Truth in the Tinsel: A Family Advent Tradition

Truth in the Tinsel

Hope you all had a wonderful Thanksgiving!  I suppose the Christmas race has officially begun now, and with that in mind, I wanted to share with you an advent devotional my kids and I will be doing this year.

ohamandaI know that there are many worthy Advent studies.  (For instance, I just saw this one over at Frugal Fun for Boys, a wonderful site for crafty families.)  But we decided a while back that this year we’d try Truth in the Tinsel by ohAmanda.  (The site and book were created by Amanda White, at right.)  For one thing, it’s very focused on God’s Word–not just a summary or paraphrasing of it.  And then of course, the study is also very hands on, with instructions for making a Christmas ornament each day from Dec. 1 through Dec 24.

If you’re looking for your own advent study, here’s how this one works: Each day’s activities begin with a Scripture reading.  Then, simple instructions plus snazzy how-to pictures help your kids create the ornament for that day.  Thankfully, these aren’t ornaments for which you’ll need to camp-out at Hobby Lobby to find all the parts.  Most of them can be created with things you already have around your house–tape, glue, construction paper, etc.  (There is also a supply list for the entire month at the beginning, though, if you’d like to stock up beforehand.)  While you’re making the craft (or afterwards!), you can use the conversation prompts to help your kids think through the day’s Scripture reading–and to share some of your own spiritual journey.  And after all that, if you still need more stimulation, there’s an optional “Do More Together” section with simple games you can play to reinforce the lesson.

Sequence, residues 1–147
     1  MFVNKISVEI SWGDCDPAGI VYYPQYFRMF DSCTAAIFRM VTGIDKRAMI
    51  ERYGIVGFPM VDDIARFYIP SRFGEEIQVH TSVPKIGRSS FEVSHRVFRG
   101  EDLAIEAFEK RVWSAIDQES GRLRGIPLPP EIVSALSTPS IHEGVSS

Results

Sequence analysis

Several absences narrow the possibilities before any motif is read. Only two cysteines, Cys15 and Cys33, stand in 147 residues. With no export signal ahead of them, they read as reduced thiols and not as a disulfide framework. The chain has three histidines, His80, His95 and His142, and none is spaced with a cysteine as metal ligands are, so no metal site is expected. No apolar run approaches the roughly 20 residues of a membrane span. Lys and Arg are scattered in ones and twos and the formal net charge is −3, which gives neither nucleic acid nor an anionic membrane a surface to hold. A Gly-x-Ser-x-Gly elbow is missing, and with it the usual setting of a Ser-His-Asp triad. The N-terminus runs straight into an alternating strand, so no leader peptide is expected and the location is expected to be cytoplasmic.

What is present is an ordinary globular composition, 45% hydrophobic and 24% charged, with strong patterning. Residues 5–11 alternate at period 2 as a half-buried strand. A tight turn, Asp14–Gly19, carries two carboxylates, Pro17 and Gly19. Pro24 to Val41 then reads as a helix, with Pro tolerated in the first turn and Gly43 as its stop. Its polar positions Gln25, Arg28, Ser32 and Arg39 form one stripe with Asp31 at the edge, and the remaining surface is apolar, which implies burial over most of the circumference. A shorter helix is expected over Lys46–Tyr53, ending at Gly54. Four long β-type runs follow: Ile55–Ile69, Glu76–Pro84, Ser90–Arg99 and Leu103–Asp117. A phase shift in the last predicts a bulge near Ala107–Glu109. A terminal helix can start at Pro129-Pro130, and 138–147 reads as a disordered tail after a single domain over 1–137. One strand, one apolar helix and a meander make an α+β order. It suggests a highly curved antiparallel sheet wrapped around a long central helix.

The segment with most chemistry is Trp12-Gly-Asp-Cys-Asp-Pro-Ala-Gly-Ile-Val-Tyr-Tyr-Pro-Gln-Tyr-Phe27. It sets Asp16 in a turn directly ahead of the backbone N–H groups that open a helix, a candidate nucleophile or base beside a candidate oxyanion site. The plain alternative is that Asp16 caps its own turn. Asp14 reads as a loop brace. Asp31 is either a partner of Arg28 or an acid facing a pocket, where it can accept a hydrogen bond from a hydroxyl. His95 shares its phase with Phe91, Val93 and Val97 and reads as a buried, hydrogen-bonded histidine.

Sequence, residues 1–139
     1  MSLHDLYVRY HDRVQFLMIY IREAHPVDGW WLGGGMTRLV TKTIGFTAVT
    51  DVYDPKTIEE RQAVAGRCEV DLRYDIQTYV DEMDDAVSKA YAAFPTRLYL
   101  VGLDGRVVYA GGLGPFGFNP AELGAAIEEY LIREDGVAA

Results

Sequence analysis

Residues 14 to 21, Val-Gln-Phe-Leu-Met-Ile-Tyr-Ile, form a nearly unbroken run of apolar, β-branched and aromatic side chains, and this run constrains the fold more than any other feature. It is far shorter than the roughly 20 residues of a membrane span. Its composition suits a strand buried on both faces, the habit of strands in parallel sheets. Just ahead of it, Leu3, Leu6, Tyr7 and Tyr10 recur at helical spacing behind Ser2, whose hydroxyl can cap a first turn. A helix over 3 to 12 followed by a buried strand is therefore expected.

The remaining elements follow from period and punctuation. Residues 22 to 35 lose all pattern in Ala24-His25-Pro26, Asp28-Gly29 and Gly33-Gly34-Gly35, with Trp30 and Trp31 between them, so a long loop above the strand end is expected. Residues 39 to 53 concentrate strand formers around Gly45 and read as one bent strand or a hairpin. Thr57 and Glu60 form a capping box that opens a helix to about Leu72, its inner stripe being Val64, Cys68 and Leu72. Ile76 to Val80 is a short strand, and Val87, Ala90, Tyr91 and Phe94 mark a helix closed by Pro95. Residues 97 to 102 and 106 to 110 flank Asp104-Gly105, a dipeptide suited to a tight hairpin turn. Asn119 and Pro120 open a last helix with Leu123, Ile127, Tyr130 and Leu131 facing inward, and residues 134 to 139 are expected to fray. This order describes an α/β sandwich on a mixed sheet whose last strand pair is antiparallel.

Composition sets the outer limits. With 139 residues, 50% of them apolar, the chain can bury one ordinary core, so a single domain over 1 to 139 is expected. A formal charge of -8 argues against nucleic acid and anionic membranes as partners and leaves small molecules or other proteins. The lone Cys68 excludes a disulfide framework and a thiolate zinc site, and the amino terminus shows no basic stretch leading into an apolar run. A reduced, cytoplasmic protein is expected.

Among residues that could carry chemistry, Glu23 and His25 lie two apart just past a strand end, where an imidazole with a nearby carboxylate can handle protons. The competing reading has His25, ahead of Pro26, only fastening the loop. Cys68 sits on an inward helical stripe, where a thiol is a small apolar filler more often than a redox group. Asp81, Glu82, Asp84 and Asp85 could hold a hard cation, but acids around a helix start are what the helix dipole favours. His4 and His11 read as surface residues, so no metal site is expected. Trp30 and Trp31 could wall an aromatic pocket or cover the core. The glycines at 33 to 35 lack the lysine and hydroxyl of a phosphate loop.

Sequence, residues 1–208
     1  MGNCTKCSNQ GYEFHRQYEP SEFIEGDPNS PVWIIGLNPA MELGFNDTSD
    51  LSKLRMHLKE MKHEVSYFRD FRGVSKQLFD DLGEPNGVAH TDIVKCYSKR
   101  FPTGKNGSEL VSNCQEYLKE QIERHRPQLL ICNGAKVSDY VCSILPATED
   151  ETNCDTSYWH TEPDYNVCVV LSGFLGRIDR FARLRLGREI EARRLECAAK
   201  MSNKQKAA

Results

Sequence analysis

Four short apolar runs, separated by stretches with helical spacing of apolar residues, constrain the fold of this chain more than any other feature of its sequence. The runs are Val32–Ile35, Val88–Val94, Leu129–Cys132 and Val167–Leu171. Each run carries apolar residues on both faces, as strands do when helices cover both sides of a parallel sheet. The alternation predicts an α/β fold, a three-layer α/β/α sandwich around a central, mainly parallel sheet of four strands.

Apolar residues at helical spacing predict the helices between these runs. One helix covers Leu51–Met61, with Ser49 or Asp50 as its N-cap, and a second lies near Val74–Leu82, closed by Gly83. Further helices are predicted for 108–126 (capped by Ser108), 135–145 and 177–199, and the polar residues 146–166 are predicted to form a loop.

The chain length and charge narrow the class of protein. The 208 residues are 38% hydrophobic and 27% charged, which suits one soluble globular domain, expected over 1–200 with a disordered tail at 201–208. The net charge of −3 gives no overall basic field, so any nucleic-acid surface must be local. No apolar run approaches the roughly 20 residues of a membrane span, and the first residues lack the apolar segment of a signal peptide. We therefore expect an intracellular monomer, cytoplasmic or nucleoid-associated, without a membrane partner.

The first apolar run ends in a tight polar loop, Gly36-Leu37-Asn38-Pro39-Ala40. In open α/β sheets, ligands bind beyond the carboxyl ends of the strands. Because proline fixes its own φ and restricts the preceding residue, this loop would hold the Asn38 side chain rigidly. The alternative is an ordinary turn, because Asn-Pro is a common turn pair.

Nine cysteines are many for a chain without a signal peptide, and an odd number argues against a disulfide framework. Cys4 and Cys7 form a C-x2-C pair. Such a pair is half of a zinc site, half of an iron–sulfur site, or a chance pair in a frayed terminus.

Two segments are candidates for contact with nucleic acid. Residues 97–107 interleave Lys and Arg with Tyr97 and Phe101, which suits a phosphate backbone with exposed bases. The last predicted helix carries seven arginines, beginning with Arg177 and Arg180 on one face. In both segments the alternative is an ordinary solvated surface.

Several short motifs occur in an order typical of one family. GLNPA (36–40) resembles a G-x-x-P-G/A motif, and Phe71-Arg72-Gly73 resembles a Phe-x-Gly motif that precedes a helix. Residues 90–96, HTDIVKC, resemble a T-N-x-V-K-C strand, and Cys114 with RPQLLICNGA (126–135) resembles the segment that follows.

Thankfully, Amanda agreed to share a little more about the study and what it’s meant to her family and others.  Here’s what she had to say in a conversation we had recently:

1. Tell us a little about how you got the idea for Truth in the Tinsel.  What makes it different from other family-based advent traditions?

truth_in_the_tinsel_250It started when my daughter was almost 2.  I had a little advent book we tried to do.  It was full of flaps and little devotions, and the first day we were to make an ornament.  She LOVED it and wanted to do it every single day even when the book didn’t call for it!  We finally abandoned the book and just made ornaments from the Christmas story in the Bible every day.  I could not believe at barely 2 years old the amount of detail she could remember and the focus she was having on the story of Jesus’ birth.  It snowballed from that year and here we are!

I think what’s different about Truth in the Tinsel is that it was an organic experience in my home.  I didn’t try to write an advent book to write an advent book.  It works because I’ve  really done it for years!

2.  What is the targeted age-range for the book?  Any ideas on how it could be adapted for families with older kids?

Well, like I said, I started doing this with my daughter when she was almost 2.  When I released the ebook she was 5 and loves it just as much as she did the first time.  I’ve also known families with teenagers who enjoy the book.  So, I think it’s a very family-oriented book, good for all ages!  I think, as with any tradition, it grows with your kids.  You have harder conversations, you make better crafts (*grin*) and older kids can teach and help younger kids.

3.  Most of the crafts in this book are made with inexpensive materials that families will already have around the house.  Was that purposeful on your part?  Do you think the crafts here can still be family keepsakes?

ipad-truth-tinsel-watermarkYes!  My goal in the ebook (and on my blog, is to empower parents to teach their kids about Jesus.  You do not have to be a Children’s Pastor, a Sunday School teacher, or a professional ministry person to teach your kids about God’s Word!  I wanted the crafts to be out of different mediums (even if they are very basic!) to keep every day new and exciting but easy enough that anyone can do it (and switch it up if need be).  And yes, I love to keep our ornaments year after year!  I love seeing how the kids grow through their crafting.  : )